Southern Californians are in for a gusty day Monday, with forecasters predicting strong winds and low visibility.
A low-pressure system approaching from the north is expected to bring cooler temperatures and high winds for the next few days, according to the National Weather Service. Maximum temperatures on Monday are likely to be 8 to 12 degrees below normal.
Dave Bruno, a meteorologist with the National Weather Service in Oxnard, said the Antelope Valley could get damaging wind gusts over 60 mph on Monday. Winds will be strongest in the afternoon and evening, he said, and could make driving difficult.
“The wind is the big story today,” Bruno said. “It’s going to be a very windy day, not just a normal windy day.”
Strong northwesterly winds with gusts of 40 to 50 mph are forecast along the Central Coast and the mountains in Santa Barbara, Los Angeles and Ventura counties. Strong gusts are expected across most of Catalina Island as well.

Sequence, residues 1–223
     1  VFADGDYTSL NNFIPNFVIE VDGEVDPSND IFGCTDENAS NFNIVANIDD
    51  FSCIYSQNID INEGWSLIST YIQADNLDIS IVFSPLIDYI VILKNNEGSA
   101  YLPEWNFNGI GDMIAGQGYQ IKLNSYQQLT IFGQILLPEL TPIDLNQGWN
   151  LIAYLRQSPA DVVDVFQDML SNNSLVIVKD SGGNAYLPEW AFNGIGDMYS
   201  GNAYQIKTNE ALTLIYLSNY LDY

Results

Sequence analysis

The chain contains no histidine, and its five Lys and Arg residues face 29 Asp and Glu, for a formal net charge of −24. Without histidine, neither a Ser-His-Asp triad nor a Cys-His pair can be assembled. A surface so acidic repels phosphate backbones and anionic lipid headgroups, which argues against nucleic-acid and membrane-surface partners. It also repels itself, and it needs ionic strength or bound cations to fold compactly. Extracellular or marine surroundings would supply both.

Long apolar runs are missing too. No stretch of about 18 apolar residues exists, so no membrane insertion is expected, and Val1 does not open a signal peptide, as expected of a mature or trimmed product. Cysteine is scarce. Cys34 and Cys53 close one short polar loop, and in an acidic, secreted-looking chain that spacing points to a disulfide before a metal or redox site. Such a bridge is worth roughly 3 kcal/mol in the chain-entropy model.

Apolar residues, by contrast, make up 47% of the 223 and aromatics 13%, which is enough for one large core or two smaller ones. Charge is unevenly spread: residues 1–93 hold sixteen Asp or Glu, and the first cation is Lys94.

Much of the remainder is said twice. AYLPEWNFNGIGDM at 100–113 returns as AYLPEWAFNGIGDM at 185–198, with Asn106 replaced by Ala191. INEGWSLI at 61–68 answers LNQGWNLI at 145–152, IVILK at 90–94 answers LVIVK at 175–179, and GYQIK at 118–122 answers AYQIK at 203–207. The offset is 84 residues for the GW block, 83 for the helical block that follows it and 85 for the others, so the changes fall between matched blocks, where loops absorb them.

Forecasters also warned of choppy seas and gale-force winds offshore.
The San Gabriel Valley foothills have a small chance of light rain during the morning commute, Bruno said. Rainfall, if any, will be less than a tenth of an inch except for the eastern foothills, where a quarter-inch is possible over the next 24 hours, forecasters said.
In Orange County, there was light rainfall Monday morning. Though this week will be mostly dry, there could be periods of precipitation, especially in mountainous areas of Orange and San Diego counties, through Wednesday, said Brett Albright, a meteorologist with the National Weather Service in San Diego.
"This is not a significant event," he said. "Every once in a while, you'll get a little spit of rain."
Snow levels of 7,500 feet in Orange and San Diego county mountains on Monday are expected to lower to 5,000 feet Tuesday, with a few inches of snow possible, forecasters said.